There are many ways you could implement FLV video streaming. The most “proper” way to do it is to use RTMP (Flash Media) Server, which you can purchase directly from Adobe. A few cheaper/free/open source alternatives exist. For me, most promissing one is Mammoth, but it’s still in early stage of development. However, most popular alternative is Red5, however I didn’t find it either easy to configure or being reliable at serving files. Some big guys are using it, but it takes time and experience to set it up and maintain properly.
Here comes pseudostreaming
FLV pseudostreaming is a technique that allows you to simulate FLV streaming, without use of RTMP protocol. Most popular player that supports pseudostreaming if Flowplayer, and they also give you nice overview of this method on their site.
Implementations for pseudostreaming exist for Ngnix, Lighttpd, Apache or PHP, and it’s probably best if you use ones written in C (fastest). However, when you can’t use Lighttpd or need to integrate FLV streaming directly into your Ruby apps, you can use mine solution.
How it works?
Pseudostreaming of FLV files is possible when you insert special frame index into file header. Most popular tool to do it is flvtool2, and yes – it’s written in Ruby and available as ruby gem!
$ gem install flvtool2
To append FLV data to your movie file, use command:
$ flvtool2 -U video_file.flv
When player starts to buffer video file via standard HTTP protocol, first thing send out is metadata that sits in file header, and pseudostreaming is possible.
But applications that serve FLV files with pseudostreaming support, must respond to specified URI scheme, that accepts “start=XXX” parameter to make it work. XXX is just an offset in bytes from beginning of file, so our application must seek to given byte and start sending output from there. It is implemented almost identical in PHP, or C (in both Ngnix and Lighttpd), and we are going to do it in Ruby.
For example, if we seek to the middle of video, Flowplayer calculates that position should be, say 2343443 bytes from start, and sends request to: http://myserver.com/myvideofile.flv?start=2343443. We need to output file from this position. Dead easy.
Not quite dead easy
There is one problem with Ruby applications that use Rack (Rails included) – how do we actually stream a file? We could use send_file or send_data methods from within Rails, but Rack architecture forces our file to be buffered in memory, which is something we don’t want to do for 1.5GB movies.
To work this around, we will use Rack::Evil module that allows us to throw and catch custom object that will be processed as HTTP response.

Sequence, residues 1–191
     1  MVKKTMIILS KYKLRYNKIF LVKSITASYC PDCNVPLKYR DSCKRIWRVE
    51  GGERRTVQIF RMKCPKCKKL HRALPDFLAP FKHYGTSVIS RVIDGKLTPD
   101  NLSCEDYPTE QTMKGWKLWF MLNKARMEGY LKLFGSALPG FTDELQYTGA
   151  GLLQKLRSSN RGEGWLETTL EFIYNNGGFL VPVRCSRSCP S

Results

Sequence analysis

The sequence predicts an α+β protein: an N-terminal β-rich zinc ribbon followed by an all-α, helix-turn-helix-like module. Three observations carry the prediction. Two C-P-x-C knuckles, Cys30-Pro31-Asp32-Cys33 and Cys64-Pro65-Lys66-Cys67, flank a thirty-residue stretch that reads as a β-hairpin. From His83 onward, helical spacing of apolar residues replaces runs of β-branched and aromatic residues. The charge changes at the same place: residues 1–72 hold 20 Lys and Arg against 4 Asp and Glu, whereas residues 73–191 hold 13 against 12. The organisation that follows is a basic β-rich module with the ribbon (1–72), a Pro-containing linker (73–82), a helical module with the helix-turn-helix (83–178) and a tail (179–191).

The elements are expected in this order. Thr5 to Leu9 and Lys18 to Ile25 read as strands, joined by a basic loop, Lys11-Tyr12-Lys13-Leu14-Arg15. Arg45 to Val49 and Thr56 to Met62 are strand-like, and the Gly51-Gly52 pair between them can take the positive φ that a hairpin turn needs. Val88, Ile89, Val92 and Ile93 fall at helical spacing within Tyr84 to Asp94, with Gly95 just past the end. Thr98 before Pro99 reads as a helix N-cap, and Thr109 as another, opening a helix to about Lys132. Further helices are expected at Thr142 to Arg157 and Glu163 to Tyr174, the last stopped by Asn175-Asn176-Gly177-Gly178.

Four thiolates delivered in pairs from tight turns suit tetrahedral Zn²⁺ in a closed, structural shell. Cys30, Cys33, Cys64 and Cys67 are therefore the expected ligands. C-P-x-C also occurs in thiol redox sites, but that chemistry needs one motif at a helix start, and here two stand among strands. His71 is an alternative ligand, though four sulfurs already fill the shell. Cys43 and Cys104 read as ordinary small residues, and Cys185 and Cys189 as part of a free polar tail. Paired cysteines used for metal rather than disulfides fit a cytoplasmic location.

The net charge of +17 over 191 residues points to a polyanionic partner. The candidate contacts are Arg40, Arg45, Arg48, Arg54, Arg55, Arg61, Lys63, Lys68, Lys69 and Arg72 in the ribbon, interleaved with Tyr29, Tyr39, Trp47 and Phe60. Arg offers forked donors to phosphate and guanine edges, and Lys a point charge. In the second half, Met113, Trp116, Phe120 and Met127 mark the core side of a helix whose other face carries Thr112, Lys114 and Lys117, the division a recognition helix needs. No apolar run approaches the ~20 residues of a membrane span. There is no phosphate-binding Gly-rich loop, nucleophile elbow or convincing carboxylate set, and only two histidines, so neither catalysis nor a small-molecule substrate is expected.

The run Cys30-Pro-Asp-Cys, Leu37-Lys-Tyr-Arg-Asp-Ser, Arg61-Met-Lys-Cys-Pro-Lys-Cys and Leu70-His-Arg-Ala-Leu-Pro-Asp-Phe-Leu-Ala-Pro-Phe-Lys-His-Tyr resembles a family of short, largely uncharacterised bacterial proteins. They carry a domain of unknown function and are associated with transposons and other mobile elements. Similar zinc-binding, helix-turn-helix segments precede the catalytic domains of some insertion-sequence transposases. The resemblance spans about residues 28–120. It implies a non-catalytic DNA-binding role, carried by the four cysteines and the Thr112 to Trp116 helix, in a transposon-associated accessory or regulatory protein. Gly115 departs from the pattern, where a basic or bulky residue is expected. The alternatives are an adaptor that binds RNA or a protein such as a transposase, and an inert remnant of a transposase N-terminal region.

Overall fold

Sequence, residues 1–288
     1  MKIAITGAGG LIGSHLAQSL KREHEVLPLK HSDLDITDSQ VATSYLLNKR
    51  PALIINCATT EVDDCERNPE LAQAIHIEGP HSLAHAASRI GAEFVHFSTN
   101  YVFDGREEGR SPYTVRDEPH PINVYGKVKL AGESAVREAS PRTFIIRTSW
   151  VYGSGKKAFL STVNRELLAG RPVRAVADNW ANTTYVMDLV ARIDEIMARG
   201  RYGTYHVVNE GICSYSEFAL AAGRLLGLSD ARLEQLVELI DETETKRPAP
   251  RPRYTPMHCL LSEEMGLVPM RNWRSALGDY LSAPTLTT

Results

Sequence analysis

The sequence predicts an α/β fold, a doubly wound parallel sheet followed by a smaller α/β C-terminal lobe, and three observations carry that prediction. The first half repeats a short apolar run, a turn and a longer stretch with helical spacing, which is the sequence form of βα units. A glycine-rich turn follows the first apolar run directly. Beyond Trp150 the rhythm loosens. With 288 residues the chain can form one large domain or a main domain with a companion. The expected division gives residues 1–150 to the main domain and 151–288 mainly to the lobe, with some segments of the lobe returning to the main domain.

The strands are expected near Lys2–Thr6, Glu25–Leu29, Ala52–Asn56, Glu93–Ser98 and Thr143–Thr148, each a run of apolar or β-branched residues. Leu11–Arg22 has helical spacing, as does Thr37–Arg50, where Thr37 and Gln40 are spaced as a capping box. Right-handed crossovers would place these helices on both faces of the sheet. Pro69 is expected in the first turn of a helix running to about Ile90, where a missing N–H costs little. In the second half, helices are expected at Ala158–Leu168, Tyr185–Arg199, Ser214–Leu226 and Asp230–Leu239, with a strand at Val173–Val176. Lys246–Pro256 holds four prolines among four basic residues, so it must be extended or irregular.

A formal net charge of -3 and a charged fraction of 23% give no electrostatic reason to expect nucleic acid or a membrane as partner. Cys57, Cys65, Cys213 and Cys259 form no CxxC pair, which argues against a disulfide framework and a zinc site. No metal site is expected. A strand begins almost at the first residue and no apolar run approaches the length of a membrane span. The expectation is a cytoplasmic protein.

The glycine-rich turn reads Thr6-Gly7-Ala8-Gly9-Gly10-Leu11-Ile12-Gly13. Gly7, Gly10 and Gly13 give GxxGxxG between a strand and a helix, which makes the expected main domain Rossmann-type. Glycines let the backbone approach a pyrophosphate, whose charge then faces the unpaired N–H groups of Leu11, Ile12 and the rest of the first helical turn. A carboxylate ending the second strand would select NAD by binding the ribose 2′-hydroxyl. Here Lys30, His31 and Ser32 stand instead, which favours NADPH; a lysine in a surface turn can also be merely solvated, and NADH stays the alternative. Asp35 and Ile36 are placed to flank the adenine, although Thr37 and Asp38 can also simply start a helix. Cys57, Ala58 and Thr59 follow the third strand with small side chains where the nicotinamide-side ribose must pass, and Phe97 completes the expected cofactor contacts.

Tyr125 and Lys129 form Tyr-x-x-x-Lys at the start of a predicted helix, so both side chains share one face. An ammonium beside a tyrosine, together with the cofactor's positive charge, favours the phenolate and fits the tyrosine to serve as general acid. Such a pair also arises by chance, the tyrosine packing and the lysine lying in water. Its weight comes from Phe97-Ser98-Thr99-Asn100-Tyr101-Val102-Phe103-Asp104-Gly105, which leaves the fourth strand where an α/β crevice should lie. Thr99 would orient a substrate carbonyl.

First, let’s get Rack::Evil, which is part of rack-contrib:
$ gem install rack-contrib `</pre>
In your config.ru file or config/environment.rb you need to enable Rack::Evil:
require 'rack/contrib' ... use Rack::Evil ...
Now, in your application, in place where you need to output a file, you must construct object that responds to “each” method. You will throw this object and Rack::Evil will catch it, and call “each” on it. Each content that yields from this method, will be sent directly to user. If we implement actual file reading inside “each” method – we avoid loading whole file to memory.
... def each if @start_pos > 0 yield "FLV\x01\x01\x00\x00\x00\x09\x00\x00\x00\x09" # If we are not starting from beggining # we must prepend FLV header to output @start_pos = 0 end begin (chunk = @file.read(4*1024)) # Go and experiment with best buffer size for you yield chunk end while chunk.size == 4*1024 end ...
Easy! For more information look into application.rb and config.ru files! Have fun!
Using this example
First clone repository from Github:
$ git clone git://github.com/hubertlepicki/sinatra-flv-streaming-example.git sinatra_flv_streaming_example $ cd sinatra_flv_streaming_example
Now, get dependencies and some Rack-compatible server (I’ll use Thin).
$ gem install rack rack-contrib thin
Start the server and visit demo page:
$ thin -C config.yml -p 4567 start
Demo page is located on http://localhost:4567/index.html. Please note that port 4567 is hardcoded in index.html file soyou must use it or change index.html file.
This is just an example how to use it, you shouldn’t use this code in production but develop your own solution based on this ideas.
You must not use Rack modules like mine responseassembler that iterates on response object and process it to one string – this way you’ll end up with loading all video file to memory at once.
Demonstration on how to set up Flowplayer to use pseudostreaming is in file index.html.
Flowplayer binaries distributed with this source code are licensed under GPLv3, and you should read their licensing policy before using it on your site read more.